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1870 in baseball

From Wikipedia, the free encyclopedia

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  • June 14 – After 84 consecutive wins since assembling the first professional team in winter 1869, the Cincinnati Red Stockings lose 8–7 to the Brooklyn Atlantics before a crowd of 20,000 at the Capitoline Grounds. Bob Ferguson scores the winning run in the 11th inning on a hit by pitcher George Zettlein.
  • June 20 – For the second time in three weeks the Philadelphia Athletics defeat the Brooklyn Atlantics by a 19–3 score, giving the victors possession of the championship flag.
  • July 23 – The visiting Mutuals of New York defeat the Chicago White Stockings 9–0 before 5,000 spectators at Dexter Park. The shutout pitched by Rynie Wolters is the first against any NABBP championship contender, inspiring Chicago (verb) and Chicago game as lingo for shutout through the 1890s.
  • July 27 – The Red Stockings lose at home for the first time in their professional era, dropping an 11–7 decision to the Athletics of Philadelphia.
  • September 15 – In front of a crowd of 4,000 that paid 50¢ at the Union Grounds in Brooklyn, the New York Mutuals beat the Athletics for the second time in four weeks by a 12–11 score. This gives the Muts the temporary possession of the flag.
  • November 1 – In the most controversial game since the 1860 season, the Chicago White Stockings end up on top of a 7–5 score. Leading by one run in the ninth inning, the New Yorkers walk off the field and the score reverted to the last inning completed. This is the second victory by the Chicago club over the Muts in five weeks and gives the Chicagoans the (disputed) championship for the year.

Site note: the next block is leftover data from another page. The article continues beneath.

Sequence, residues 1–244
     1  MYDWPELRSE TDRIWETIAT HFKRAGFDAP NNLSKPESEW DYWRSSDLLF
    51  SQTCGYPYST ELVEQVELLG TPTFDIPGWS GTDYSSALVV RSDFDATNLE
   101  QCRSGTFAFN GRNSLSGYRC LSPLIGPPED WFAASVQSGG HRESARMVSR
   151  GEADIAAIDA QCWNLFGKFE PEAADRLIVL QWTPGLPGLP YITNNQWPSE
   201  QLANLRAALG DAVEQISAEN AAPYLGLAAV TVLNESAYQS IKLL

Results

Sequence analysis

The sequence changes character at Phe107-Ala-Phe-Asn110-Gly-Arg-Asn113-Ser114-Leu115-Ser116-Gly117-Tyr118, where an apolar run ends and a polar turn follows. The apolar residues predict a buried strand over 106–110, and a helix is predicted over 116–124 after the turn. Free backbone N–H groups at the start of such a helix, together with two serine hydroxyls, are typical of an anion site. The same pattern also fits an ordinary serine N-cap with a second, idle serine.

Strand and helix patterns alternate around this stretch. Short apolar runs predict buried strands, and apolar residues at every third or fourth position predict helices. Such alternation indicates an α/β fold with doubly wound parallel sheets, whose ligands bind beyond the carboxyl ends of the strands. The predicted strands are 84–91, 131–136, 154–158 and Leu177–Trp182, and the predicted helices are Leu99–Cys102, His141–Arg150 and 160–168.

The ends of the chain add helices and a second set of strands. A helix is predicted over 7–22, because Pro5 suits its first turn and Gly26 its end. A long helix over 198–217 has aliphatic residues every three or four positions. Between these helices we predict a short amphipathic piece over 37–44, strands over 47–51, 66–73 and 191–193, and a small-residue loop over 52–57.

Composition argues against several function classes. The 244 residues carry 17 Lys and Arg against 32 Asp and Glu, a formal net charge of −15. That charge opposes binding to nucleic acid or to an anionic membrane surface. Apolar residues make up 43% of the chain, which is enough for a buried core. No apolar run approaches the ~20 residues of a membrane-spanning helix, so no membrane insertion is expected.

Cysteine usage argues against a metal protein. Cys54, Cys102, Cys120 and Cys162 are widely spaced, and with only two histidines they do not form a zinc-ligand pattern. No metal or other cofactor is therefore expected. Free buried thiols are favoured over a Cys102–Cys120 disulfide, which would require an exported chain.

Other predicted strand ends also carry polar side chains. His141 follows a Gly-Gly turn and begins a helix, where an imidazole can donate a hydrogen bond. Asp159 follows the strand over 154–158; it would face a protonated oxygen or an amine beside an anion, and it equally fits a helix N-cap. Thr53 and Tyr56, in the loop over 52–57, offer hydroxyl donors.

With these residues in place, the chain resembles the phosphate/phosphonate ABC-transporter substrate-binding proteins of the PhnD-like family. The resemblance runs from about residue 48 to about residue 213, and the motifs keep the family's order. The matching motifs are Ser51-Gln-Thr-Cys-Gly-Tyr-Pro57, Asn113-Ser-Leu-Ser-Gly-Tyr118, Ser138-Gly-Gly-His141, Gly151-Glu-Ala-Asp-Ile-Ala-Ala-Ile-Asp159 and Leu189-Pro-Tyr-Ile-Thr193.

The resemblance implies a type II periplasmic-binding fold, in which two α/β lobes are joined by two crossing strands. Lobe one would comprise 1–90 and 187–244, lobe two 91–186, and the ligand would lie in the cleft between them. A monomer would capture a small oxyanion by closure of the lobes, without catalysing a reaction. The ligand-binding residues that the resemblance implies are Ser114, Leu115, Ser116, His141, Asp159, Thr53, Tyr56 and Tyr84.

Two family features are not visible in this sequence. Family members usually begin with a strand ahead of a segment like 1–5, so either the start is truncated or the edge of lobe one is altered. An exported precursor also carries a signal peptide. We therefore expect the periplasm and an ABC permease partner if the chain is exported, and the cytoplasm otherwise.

• November 21 – President Bonte recommends that the Cincinnati Base Ball Club not employ a professional nine for 1871, for that will be too expensive. The club officially dissolves that winter.

Professional matches

Ten of the twelve professional clubs from 1869 remained in that field for 1870, all except Keystone of Philadelphia and Irvington, New Jersey, from Greater New York. The five newcomers were Union of Morrisania, now in New York City; Tri-Mountain of Boston; Riverside of Portsmouth, Ohio, near Cincinnati; Forest City of Rockford, Illinois, near Chicago; and Chicago or the Chicago White Stockings, the only brand new club. Union was a founding member from the 1857 convention and Forest City had been one of the strongest amateurs remaining in 1869.

The records of the teams in professional matches, ranked by wins (see table), reveal three groups of five with sharp outlines. A big group of thirteen and a little of group of two are equally clear, considering the numbers of defeats, pro matches, and all matches (not shown), and are supported by the subsequent history.

Club W L T comment
Mutual, New York 29 15 3
Cincinnati Red Stockings 27 6 1
Athletic, Philadelphia 26 11 1
Chicago White Stockings 22 7 a brand new base ball club
Atlantic, Brooklyn 20 16
Troy Haymakers 11 13 1 Union of Lansingburgh, New York
Olympic, Washington 10 18
Forest City, Rockford 10 13 1
Forest City, Cleveland 9 15
Union, Morrisania 7 18 Union of Morrisania, Bronx
Eckford, Brooklyn 2 12 1
Maryland, Baltimore 2 14
National, Washington 2 9
Riverside, Portsmouth 0 6
Tri-Mountain, Boston 0 4